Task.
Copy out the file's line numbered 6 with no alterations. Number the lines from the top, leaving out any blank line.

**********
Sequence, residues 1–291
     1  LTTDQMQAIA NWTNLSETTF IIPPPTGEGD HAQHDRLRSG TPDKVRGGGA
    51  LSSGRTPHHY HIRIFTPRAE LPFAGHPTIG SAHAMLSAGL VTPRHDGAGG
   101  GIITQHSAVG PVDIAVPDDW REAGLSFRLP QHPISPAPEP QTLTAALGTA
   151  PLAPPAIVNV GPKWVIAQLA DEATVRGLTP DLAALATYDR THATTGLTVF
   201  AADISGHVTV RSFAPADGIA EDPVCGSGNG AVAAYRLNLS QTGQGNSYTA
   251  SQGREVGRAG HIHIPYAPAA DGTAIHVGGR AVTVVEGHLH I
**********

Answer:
   201  AADISGHVTV RSFAPADGIA EDPVCGSGNG AVAAYRLNLS QTGQGNSYTA